Three months after Auckland Airport was told its returns were not fully justified, Commerce Minister Kris Faafoi is still waiting for a response from the company but says he would expect a reduction in charges.
The airport is still working through an ''internal review'' of the Commerce Commission price ruling which was released in late October.
Faafoi said he was looking forward to a response from the company.
''I would expect to see a reduction in charges reflecting the finding of the Commerce Commission and to show the airport is mindful of the need to balance shareholder returns while providing an appropriate service at a fair cost to customers,'' the minister told the Herald.
While the airport would need a ''reasonable time'' to respond, Faafoi said he would look to meet with the company to discuss the commission's finding.
The commission estimates that Auckland Airport would earn an additional post-tax return of $37 million on the majority of its regulated services compared to the commission's benchmark return.
While Faafoi has acknowledged that did not necessarily represent excess profits, he said before Christmas that the airport was targeting a return on investment that didn't look to be in the long-term interests of consumers.
While the light-handed information disclosure regime had been largely effective, he has warned the Commerce Amendment Act introduces a shorter inquiry process for the commission to assess whether further regulation is needed at airports.
In its final report released in October, the commission found returns targeted by Christchurch Airport were now generally acceptable.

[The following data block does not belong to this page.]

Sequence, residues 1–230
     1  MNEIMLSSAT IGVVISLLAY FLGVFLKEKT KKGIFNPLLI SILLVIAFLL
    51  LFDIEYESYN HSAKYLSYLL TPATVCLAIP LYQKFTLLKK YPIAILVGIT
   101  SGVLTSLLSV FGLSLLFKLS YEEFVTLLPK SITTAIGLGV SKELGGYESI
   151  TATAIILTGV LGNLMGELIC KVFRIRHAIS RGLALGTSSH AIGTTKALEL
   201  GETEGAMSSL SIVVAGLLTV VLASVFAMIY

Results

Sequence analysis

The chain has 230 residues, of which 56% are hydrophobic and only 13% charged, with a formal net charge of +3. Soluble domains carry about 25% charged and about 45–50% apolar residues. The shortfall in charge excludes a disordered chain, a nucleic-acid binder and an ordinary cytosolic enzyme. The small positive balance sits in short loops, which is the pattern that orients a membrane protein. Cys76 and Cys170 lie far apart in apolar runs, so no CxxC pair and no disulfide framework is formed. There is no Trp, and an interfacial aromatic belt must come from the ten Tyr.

Airlines and their representative groups say that it is time for the airport to listen to the commission on pricing but fear the regulatory regime allows the company to charge as it sees fit.
Auckland Airport has acknowledged that while the commission can't set prices its views do place considerable pressure on our price setting and form a kind of "shadow price control" for our regulated business.
In response to the commission report on October 31, the airport said it would carefully review how evidence was assessed and findings shaped.
Chief financial officer Phil Neutze said then that the company took an Auckland Airport-specific approach to setting our prices given the unprecedented size of its investment plan during the next five years.
"Auckland Airport is investing circa $2 billion in long-term infrastructure over this five-year pricing period which is the largest airport development ever undertaken in New Zealand. We are talking about an average price increase over five years of 66 cents per passenger journey," he said.